Patents in Cosmetics

patentThe force of nature that is British Beauty Blogger was onto me the other day asking for comments on a couple of patents she had come across. Patents are a great source of information for cosmetic scientists, and potentially for beauty bloggers as well though BBB is the only one I know who has ever done so. (I am not sure she ever sleeps).

Before I talk about patents in general let’s have a look at the two that triggered off this post.

US Patent No. 8,597,628 B2 was granted to Chanel Parfums Beaute, Neuilly sur Seine, France. It is for a new type of skin cream using some novel silicones. The cream has some optical effects, so it looks like Chanel are working on an instant wrinkle eraser along the lines of Nanoblur.

US Patent No. 8,597,621 B2; L’Oréal has patented an emulsion lipstick composition. This is very radical. Every lipstick on the market today is made of some kind of wax or another. If you could make one from an emulsion you would have water in the formulation. This might have some big advantages.You could quite likely get some new shade options for a start. It is bound to have a very different user experience, and the film left on the lips would probably be a lot thinner.

So a couple of interesting documents there. But patents are strange things and you need to be wary. For a start it is important to remember that they are legal documents written by lawyers hired to protect the interests of the patent holder. They aren’t written to help potential competitors like me. The aim is the opposite of clarity. They want to make it as hard as possible for you to work out what they are doing.

The lofty idea behind patents is to encourage and reward inventors by giving them twenty years of monopoly profits on their creativity. The real world is a bit murkier. Patents are sometimes taken out not to launch something new but to block other people’s activities.There is a fifties film where James Garner plays a ruthless businessman who does exactly that. Luckily he meets an attractive woman who changes his character, but that kind of thing usually needs lawyers to sort out. But fortunately the cosmetics industry is not plagued by the patent trolls you see in the tech sector, or not yet anyway.

(But see Ed’s comment below – I may be underestimating that problem – post publication edit.)

The bigger cosmetic companies have a steady stream of patents coming out. Many of them are somewhat hard to work out exactly what the motivation behind them is. Some are simply CV building exercises by individual scientists. Others are designed to show investors that they are getting something for the money they are spending on research and development.

But sometimes the system can work exactly as it is supposed to. I was once involved with a project where a retired pharmacist had patented an anti-spot treatment he had come up with. He approached the big pharmaceutical company that I worked for and I think he was rather surprised when we took him seriously. It was a pretty good product and could well have been a success. In the event it fizzled out in the way these things sometimes do, but he could have done well out of it.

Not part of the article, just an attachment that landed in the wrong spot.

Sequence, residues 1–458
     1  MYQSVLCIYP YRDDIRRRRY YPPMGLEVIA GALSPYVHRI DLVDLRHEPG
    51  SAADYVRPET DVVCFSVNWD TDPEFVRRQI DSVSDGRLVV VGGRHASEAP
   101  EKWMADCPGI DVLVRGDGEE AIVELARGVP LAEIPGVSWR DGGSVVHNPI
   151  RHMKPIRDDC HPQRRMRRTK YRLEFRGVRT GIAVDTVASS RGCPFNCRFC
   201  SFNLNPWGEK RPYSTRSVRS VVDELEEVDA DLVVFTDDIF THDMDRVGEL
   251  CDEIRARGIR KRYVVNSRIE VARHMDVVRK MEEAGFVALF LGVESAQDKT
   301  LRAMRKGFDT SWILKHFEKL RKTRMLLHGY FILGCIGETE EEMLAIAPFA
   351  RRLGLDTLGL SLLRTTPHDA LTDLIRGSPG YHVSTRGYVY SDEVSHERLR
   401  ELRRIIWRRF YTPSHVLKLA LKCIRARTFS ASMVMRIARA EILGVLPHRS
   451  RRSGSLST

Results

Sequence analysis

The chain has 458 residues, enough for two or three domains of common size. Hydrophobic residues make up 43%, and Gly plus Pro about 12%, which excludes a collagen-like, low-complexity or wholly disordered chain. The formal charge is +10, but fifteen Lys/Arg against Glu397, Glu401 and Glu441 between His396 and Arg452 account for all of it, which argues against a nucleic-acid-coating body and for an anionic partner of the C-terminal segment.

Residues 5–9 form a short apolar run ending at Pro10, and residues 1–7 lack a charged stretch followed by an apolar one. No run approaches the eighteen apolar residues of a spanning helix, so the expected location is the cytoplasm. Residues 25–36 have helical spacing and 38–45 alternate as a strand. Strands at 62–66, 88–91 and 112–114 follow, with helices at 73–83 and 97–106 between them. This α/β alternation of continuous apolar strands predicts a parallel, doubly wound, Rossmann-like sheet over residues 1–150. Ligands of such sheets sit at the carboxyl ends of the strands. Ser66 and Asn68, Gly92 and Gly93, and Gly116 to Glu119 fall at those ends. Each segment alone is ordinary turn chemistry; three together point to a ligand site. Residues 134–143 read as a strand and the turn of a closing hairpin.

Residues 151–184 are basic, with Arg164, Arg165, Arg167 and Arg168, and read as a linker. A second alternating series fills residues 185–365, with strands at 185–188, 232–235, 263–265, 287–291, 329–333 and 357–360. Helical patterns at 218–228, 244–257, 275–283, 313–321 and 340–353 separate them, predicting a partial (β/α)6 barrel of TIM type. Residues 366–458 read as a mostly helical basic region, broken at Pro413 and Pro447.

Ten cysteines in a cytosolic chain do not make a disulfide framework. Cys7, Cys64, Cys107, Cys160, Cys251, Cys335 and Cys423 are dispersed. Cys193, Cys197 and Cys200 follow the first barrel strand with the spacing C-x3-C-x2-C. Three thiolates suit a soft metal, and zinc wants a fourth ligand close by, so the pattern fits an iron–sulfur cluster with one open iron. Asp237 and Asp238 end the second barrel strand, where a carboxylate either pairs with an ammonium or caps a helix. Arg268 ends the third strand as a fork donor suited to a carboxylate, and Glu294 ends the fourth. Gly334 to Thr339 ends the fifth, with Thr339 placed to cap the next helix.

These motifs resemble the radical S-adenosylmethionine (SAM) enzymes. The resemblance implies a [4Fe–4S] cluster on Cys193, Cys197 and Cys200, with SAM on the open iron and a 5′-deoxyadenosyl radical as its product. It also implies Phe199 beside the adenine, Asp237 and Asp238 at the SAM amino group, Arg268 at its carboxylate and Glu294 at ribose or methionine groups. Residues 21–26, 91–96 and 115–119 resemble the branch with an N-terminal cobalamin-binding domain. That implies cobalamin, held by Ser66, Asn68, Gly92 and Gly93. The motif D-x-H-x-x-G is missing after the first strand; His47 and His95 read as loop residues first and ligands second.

If you do have an idea it is worth considering getting it patented. It will cost a lot but it might turn out to be worth it. You don’t necessarily have to go on and develop or launch the product yourself-you can always sell the rights to company that has the knowledge and expertise to do it. This is particularly well developed in the pharmaceutical world where there are people around who make a living identifying opportunities and selling them on.

The criteria for being granted a patent is interesting in itself. It relies on a legal concept that is best described as a very well informed but totally unimaginative person. They know everything, but can’t imagine something that they have never seen before. If you come across something that would surprise this person, you might well have a patentable idea. Good luck!

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2 Responses to Patents in Cosmetics

  1. Ed says:

    You’d expect the naturals beauty sector to have little to fear from patent trolls or anti-competitive patent moves, because you can’t patent a natural ingredient.

    However, we’ve had to deal with companies coming after us, the end customer, for using particular ingredients because they had a claim on the extraction process.

    We’ve seen patents which don’t patent the ingredient, but its use – e.g. using a particular ingredient in a cosmetic formulation is OK, but if you say it is good for acne, then there’s a patent on that.

    They may be unenforceable, but which small independent would want to go up against a billion dollar corporation – even if you win, you’ve lost.

    What starts off as a defensive measure by Big Beauty can swiftly become an anti-competitive strategy to prevent companies marketing products or entering new markets.

  2. Colin says:

    That is interesting, if frustrating, Ed. I haven’t heard of any cases like that so I assumed it wasn’t widespread in cosmetics, let alone the natural product sector. I might have to rewrite that bit. As you say, a small company has few cards to play if it does get into a tussle with a deep pocketed patent holder.

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